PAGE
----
It was a glorious sight to behold! Smiling brown faces painted in a kaleidoscope of colors–red, orange, purple, saffron, yellow and green. Hindu dharmacharyas arrayed in colorful kurtas and dhotis. The appetizing aroma of palowrie, mohan-bug and roti, wafting in the spring breeze. Multi-colored floats transporting entertainers and local elected officials through the streets of Richmond Hill. The pulsating rhythm of tassa drums resonating along the commercial strip in Atlantic Avenue. Hundreds of spectators lining the parade route from the starting point at Liberty Avenue and 133rd Street to the destination in Smokey Park on Atlantic Avenue.
However, the Pagwah Parade is more than a visual spectacle of fun frivolity and entertainment. It is a theological narrative of the triumph of good over evil — the triumph of the virtuous Prahlada over his evil aunt Holika — the triumph of Lord Vishnu over the demon-king Hiranyakashipu. It is an apocryphal tale of the courtship between two Hindu deities — Lord Krishna, the ninth avatar of Vishnu, and the beautiful Radha. Pagwah, like other Hindu festivals, such as Diwali, marks the astrological movement of the seasons – in this case, the transition from winter to spring.
In India, Pagwah is universally known as the festival of Holi. The word Holi originates from Holika, the sister of the demon king, Hiranyakashipu. Holika was informed by her brother that if she wore a magical shawl, she could not be destroyed by fire. One day, she tricked her nephew, Prahlada to sit on her lap in a giant bonfire. It was her intention to have him consumed by the fire. However, Lord Vishnu, the protector of Prahlada, was determined to protect his devotee from destruction. Vishnu blew a gust of wind in the direction of Holika. The windstorm ripped the shawl off the shoulders of Holika, and wrapped it around the body of her nephew Prahlada. Holika was consumed by the fire, and Prahlada emerged unscathed.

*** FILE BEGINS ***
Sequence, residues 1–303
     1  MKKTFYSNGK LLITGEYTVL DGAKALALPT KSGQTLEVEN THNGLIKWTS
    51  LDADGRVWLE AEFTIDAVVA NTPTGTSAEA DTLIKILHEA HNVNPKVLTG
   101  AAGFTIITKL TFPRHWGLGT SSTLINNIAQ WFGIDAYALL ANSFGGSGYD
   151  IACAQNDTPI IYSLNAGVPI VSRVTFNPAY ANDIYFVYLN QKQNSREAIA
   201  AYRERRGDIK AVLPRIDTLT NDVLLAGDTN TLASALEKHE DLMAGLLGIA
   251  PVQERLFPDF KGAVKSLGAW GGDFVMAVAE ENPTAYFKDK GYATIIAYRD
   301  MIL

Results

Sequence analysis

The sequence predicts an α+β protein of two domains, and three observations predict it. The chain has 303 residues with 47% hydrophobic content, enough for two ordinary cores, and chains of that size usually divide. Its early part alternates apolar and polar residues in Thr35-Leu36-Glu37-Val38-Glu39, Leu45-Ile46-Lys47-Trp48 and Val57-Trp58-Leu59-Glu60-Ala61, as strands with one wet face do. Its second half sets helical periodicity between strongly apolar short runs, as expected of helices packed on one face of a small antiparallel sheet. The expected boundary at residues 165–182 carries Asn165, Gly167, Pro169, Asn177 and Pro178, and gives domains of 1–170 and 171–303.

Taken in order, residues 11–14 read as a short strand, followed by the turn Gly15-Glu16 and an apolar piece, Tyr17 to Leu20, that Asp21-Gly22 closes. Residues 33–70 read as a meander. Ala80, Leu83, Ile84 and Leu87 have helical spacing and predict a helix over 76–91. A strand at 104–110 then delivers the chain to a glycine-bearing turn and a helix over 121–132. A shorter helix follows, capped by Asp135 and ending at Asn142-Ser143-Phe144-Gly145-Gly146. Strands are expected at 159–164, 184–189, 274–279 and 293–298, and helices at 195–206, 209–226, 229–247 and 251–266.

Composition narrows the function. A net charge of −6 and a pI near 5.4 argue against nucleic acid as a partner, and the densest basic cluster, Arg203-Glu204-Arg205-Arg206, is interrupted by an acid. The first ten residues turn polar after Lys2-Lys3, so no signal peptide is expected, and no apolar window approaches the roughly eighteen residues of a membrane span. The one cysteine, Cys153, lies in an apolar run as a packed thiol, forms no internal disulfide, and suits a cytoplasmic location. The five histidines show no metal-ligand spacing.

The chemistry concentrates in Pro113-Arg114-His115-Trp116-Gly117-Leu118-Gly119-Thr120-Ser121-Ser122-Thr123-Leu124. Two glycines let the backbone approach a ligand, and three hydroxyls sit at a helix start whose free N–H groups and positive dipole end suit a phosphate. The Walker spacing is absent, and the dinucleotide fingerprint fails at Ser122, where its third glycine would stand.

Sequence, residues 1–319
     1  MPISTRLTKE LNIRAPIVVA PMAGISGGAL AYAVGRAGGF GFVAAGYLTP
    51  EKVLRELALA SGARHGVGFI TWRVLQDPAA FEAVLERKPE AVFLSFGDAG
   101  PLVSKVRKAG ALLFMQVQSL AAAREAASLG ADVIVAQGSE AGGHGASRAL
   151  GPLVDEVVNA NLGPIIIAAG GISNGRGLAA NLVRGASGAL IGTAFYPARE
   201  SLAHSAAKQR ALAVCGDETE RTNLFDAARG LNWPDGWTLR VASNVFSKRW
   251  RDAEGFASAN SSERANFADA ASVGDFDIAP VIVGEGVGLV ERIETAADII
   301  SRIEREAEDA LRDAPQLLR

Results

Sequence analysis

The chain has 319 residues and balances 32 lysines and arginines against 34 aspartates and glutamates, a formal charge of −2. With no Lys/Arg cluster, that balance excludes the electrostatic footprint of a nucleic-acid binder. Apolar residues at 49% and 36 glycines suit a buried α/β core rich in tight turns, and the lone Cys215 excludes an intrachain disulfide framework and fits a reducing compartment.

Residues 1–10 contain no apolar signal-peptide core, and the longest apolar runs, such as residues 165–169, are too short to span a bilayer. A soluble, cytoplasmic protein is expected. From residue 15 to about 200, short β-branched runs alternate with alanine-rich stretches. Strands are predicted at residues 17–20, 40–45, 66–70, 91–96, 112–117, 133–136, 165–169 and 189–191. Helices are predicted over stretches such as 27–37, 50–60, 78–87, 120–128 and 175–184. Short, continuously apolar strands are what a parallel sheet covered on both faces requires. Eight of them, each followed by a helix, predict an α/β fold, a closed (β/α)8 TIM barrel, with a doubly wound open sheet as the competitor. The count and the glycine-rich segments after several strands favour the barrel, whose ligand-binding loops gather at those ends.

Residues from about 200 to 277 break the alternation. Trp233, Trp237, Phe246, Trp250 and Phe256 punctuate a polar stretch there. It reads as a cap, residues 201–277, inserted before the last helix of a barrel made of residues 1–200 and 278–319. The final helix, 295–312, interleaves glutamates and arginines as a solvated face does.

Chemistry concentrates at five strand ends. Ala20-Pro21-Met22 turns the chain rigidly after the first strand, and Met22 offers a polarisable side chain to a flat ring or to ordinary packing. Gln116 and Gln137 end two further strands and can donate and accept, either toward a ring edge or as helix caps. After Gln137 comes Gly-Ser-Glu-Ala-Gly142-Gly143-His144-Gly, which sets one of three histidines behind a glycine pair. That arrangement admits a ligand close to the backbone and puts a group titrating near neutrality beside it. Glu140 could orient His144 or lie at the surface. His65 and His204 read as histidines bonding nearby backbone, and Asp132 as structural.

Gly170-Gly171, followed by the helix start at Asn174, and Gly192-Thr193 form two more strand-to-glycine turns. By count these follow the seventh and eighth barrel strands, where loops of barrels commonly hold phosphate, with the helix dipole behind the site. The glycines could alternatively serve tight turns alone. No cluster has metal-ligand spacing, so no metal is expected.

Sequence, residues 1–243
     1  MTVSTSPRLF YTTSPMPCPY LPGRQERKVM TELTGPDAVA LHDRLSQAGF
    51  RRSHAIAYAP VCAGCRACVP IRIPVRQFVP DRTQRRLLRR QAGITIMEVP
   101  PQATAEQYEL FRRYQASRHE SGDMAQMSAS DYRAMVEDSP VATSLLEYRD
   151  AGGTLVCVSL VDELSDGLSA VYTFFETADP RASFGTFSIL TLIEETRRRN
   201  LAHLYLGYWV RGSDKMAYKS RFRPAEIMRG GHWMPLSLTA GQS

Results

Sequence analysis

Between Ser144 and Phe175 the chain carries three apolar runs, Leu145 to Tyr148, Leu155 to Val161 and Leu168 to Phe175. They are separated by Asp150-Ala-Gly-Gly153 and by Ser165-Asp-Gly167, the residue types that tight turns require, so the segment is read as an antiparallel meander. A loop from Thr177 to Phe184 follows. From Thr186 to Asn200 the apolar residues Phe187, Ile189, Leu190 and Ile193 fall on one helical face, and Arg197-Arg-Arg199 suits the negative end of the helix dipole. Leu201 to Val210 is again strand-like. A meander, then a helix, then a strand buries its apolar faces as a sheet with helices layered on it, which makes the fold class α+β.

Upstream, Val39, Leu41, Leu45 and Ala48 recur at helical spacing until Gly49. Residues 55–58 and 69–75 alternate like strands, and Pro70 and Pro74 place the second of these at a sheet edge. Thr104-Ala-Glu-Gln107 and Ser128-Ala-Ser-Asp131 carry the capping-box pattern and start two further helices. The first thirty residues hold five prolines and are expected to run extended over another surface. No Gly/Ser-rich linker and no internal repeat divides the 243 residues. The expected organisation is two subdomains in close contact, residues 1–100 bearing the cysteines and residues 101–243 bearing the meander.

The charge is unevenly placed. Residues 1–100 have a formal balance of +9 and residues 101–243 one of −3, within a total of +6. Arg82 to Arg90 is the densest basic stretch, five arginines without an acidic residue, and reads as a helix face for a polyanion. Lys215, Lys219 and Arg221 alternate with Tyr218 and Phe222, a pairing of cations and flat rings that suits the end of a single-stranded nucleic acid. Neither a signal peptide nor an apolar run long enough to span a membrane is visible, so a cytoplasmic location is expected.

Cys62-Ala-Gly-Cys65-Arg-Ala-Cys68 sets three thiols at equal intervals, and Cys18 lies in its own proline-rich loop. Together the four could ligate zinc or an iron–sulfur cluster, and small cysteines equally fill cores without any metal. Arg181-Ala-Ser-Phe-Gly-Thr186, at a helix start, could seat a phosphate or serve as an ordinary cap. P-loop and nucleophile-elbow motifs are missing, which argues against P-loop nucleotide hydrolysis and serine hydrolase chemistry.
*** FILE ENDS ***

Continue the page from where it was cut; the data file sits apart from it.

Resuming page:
The Hindu narrative of Prahlada and Holika is reminiscent of the Christian story of the spiritual struggle between Jesus and Satan. The holi festival arrives a few weeks before the christian festival of Easter, when Jesus Christ, like Prahlada, emerged unscathed from the tomb, and triumphed over the forces of death and destruction.
There is a narrative to explain the tradition of smearing the bodies of Hindus with various pigments. In the Hindu scriptures, the Bhagavad-Gita, Lord Krishna is portrayed as a deity with “a beautiful blue-black completion.”However, Sri Krishna was apprehensive about the prospect of dating the fair skin deity. He explained the dilemma to his mother, Yasoda. With typical motherly wisdom, she urged her son to smear the body of Radha with different colors, so that no one will notice the disparity between their complexions. Krishna took his mother’s advice to heart and smeared the body of Radha and her gopis.
To the devotees of Hinduism, there is a secular explanation for the origin of the festival of Pagwah. It represents the transition of the Hindu lunar calendar from winter to Spring, Pagwah is celebrated during the last full moon of the Hindu calendar, during the month of Phalgun before the approach of the Vernal Equinox. It is celebrated in late February or early March. To the inhabitants of the Indian sub-continents, spring is a season that represents rebirth or renaissance. It is the season when the trees, the vegetation and the eco-system are restored to life and vitality after the death and decadence of winter. It is a time when the flowers bloom, the bird sing, and the eco systems resonate with new sounds, smells and rhythms.